Minister of Urban and Rural Development Sophia Shaningwa this week handed over 337 houses constructed under the Mass Housing Development Programme.
The houses – 209 in Oshakati, 50 in Okahao and 78 in Oshikuku – were handed over between Sunday and Monday. The remaining houses countrywide are expected to be handed to recipients by June 25.
Shaningwa said the houses would be sold at a lower price than the actual construction cost to ensure that the houses are affordable to the target groups, because currently houses prices are beyond the affordability level of many Namibians.
A ‘Core 5 house’ is said to be offered at a reduced price of N$90 000, thus enabling a person who earns N$2 700 to afford it. “Cabinet… has taken a decision that the categories of houses that are earmarked for the ultra-low and low income groups must be sold at prices that are lower than the actual cost of construction,” she said.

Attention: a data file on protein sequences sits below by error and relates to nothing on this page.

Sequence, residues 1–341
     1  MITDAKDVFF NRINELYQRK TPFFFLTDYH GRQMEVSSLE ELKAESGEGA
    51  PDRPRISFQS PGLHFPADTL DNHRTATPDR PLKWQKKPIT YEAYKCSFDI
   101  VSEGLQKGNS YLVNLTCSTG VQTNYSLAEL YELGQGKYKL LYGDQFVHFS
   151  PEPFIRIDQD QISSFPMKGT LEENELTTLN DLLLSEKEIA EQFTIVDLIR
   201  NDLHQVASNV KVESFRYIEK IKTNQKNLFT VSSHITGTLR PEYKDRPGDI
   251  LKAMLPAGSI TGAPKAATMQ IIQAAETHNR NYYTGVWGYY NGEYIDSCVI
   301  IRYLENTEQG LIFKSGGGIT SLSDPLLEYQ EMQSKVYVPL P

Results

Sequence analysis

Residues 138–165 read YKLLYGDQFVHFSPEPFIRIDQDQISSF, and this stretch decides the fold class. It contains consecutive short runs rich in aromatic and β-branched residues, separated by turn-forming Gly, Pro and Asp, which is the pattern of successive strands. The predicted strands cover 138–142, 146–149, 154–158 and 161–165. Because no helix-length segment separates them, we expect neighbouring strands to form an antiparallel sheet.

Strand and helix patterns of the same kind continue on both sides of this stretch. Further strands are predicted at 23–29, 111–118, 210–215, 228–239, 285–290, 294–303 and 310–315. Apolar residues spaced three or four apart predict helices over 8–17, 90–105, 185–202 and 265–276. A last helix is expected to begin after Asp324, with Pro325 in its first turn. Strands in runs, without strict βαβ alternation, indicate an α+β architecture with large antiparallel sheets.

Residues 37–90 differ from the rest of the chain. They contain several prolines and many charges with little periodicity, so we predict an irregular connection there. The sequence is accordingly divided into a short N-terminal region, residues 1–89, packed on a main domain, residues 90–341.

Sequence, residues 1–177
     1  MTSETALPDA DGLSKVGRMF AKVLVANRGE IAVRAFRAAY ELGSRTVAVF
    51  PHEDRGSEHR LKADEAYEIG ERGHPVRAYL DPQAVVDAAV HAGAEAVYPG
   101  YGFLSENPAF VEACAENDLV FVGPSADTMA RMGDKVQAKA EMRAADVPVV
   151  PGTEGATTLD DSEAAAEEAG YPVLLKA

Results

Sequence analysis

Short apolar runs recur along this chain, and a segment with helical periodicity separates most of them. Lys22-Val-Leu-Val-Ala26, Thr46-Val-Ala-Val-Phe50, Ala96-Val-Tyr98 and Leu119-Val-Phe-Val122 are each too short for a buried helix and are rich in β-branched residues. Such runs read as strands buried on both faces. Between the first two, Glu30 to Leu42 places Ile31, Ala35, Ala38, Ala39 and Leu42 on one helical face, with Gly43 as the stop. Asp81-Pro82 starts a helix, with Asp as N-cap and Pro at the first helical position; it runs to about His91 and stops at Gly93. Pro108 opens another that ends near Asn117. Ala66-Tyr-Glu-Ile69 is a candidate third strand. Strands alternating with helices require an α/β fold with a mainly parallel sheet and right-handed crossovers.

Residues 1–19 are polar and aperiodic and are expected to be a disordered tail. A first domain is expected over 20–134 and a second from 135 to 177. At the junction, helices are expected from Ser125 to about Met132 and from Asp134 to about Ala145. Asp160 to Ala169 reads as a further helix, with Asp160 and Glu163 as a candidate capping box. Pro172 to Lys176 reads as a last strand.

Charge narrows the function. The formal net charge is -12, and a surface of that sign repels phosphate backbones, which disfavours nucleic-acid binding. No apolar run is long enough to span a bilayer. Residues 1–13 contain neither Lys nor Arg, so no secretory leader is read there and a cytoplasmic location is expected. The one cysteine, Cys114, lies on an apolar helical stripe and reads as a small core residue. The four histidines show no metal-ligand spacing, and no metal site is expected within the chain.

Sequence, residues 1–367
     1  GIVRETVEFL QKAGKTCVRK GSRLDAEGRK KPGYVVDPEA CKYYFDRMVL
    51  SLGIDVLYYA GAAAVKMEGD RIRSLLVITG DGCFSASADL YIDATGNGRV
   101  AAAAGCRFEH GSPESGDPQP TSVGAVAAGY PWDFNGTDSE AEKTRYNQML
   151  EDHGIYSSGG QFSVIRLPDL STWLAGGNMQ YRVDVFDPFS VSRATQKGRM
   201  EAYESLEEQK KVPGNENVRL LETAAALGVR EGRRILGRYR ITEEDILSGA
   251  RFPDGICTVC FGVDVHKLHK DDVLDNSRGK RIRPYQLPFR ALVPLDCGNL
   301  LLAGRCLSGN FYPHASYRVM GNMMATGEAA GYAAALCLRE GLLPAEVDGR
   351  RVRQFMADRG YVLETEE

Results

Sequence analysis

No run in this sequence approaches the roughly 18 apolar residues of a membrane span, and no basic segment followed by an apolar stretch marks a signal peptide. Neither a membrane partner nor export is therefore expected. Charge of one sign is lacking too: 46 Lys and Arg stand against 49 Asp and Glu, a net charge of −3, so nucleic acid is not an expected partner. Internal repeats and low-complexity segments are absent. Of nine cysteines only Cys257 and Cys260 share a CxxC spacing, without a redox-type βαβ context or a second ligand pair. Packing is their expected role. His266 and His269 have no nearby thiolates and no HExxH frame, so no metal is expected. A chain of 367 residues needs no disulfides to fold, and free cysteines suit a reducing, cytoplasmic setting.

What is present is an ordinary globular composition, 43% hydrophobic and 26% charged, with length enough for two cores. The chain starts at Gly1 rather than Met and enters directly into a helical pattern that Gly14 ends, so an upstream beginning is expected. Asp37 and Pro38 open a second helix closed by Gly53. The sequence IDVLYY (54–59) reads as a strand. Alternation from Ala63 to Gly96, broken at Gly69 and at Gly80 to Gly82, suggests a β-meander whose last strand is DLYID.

Some of the recipients of the 209 houses at Oshakati wanted to have the contents of the Deed of Sale disclosed to them before accepting the houses. At the time of the handover, the recipients alleged that they had not signed any agreement concerning the houses and argued that the contents of the Deed had not been disclosed to them.
“We don’t know whether we can afford the houses now because we were not informed of the price,” one of the recipients said. The intended recipients also charged that while they are prohibited from erecting zinc structures around the house or from selling the house within the first 10 years of occupancy, to date no contract has been signed to this effect.
Some of the recipients New Era spoke to included teachers, women and men from State security apparatuses and other civil servants, amongst others.
While handing over the houses Shaningwa appealed to the local authorities to develop one master list in order to only cater for registered people on the list. The minister said the selection of beneficiaries would be done on a first-come-first-served basis.
Aina Shipingana, an employee at a local bookshop, said acquiring a house is a big relief. Shipingana said she used to reside at Eemwandi informal settlement where she has endured flooding for four consecutive years. “I’m really happy, because during my stay at Eemwandi I lost a lot of furniture in the flood and also travelled a distance to get water,” Shipingana said.
Another recipient, Rauna Mwatila, was excited that she would eventually be able to pay for her own property, saying she has been renting for the past nine years. Both recipients applied for homes between 2010 and 2014.